Valmiki’s epic gets a modern spin
What happens when a great writer discovers that his magnum opus is only second-best? Find out at a play where Valmiki has just finished penning the Ramayana when Narad tells him that Hanuman has written a better version. Enraged, Valmiki goes to Hanuman, demanding to read it, only to realise that it is indeed better.
Hanuman ki Ramayan, a nautanki musical produced by the Gillo Theatre Repertory, is directed by Devendra Sharma and based on a short story of the same name by Devdutt Pattanaik. Sharma’s father, Ram Dayal Sharma, has composed the music. Expect to hear a myriad of musical styles, including doha (poetry in couplets), chaubola (poetry in quatrains), qawallis, lavanis, set to the tunes of the dholak and the harmonium.
“A nautanki includes all the elements of theatre; there is dance, dialogue and music. So it’s perfect for a retelling of mythology,” says the director. Prasad Dagare, who plays Hanuman, says the kids especially love the music and sense of drama. “While the setting and context are mythological, there are contemporary subtexts that the older audience will see, from copyright laws to political nuances,” he says.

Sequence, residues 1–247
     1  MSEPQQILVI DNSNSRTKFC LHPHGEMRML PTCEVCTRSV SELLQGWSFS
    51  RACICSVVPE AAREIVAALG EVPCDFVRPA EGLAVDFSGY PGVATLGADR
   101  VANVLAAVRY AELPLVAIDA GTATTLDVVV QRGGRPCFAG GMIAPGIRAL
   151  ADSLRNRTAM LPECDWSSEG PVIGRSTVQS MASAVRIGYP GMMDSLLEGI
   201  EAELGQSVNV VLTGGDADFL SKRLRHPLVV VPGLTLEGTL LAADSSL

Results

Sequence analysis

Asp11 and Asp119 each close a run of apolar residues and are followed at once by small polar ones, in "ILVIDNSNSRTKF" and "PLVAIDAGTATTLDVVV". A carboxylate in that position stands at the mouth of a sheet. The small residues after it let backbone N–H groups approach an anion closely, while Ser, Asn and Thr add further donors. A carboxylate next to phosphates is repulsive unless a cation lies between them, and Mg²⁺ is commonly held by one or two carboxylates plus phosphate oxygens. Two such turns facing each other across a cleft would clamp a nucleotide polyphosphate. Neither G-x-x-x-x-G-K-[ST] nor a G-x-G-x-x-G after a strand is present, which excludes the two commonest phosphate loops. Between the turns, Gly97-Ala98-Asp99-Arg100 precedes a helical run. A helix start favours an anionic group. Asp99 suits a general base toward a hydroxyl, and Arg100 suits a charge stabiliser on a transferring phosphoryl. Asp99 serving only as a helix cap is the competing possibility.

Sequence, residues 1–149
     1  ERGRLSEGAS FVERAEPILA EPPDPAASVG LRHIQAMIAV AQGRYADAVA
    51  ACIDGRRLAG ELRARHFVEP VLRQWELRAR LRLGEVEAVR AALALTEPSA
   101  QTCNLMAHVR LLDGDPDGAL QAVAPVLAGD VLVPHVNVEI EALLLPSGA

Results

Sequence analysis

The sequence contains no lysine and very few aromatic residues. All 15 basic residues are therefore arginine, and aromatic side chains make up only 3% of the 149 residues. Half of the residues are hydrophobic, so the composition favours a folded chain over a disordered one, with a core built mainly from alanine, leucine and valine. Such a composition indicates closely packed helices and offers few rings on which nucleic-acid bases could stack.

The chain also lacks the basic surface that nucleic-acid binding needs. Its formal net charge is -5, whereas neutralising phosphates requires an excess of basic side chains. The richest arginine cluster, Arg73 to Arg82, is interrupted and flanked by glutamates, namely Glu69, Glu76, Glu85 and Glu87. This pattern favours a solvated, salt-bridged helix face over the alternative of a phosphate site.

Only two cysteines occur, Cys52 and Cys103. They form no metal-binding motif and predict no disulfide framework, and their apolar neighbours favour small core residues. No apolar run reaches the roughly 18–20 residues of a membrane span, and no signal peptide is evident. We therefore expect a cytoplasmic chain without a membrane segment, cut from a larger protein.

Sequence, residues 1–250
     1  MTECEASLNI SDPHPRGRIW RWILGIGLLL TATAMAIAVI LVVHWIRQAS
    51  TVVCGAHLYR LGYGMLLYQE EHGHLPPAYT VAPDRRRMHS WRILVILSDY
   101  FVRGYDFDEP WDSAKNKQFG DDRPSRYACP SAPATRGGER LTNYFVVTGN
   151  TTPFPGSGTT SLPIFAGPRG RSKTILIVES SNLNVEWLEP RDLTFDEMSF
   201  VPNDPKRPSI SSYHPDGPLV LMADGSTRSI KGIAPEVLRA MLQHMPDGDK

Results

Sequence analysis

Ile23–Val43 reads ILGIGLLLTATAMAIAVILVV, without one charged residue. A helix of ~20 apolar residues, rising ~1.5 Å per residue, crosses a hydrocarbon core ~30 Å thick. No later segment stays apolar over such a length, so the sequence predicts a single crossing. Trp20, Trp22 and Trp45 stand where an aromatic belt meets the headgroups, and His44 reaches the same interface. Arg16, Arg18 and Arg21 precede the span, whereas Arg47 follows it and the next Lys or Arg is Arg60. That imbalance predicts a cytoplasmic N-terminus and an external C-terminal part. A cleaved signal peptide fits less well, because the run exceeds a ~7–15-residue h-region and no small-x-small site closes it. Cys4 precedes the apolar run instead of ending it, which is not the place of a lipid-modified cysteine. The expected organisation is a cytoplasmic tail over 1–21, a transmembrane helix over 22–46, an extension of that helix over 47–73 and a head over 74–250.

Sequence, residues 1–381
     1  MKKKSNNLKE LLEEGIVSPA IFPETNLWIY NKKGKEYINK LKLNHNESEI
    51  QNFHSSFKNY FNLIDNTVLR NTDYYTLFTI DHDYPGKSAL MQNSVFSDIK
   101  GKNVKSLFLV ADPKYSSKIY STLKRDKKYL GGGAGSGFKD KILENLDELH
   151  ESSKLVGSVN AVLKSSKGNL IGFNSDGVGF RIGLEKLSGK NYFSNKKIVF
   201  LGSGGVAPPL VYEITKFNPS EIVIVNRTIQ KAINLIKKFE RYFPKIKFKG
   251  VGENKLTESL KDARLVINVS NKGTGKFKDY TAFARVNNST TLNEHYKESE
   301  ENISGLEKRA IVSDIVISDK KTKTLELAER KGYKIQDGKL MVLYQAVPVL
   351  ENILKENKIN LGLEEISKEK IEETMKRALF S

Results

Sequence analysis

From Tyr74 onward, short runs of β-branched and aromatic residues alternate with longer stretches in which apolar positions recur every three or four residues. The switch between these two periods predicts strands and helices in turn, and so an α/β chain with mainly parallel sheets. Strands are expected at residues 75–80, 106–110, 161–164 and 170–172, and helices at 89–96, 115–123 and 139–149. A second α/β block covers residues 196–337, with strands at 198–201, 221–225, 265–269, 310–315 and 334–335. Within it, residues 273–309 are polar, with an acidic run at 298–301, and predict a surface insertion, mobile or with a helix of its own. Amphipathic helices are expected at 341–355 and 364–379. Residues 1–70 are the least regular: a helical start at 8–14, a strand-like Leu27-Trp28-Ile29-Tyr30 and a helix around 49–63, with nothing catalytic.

Ram Dayal Sharma says the nautanki form respects that there are several versions of a story, and this one has plenty of layers for grown-ups to appreciate. “Narad’s character is introduced by equating him to the media,” he says. Shaili Sathyu, artistic director of the Gillo Repertory Theatre, says keeping it contemporary is deliberate. “[Theatre is] not folk or traditional or fossilised, but alive and vibrant,” says.
In the traditional nautanki form, females were not allowed to perform, men played all the characters. It evolved as a gender-neutral form, where the any actor, whether male or female, can play any role. “To me, it is both a challenge and an empowering act to play Valmiki,” says singer and actor Sriparna Chatterjee. “It also makes me realise how there’s a range of emotions and characters that women have never had access to.”
For Dagare, however, the best part about nautanki is how interactive it is. “Everyone is involved. The actors break the fourth wall. The audiences answers questions, sings along. It’s a whole lot of fun.”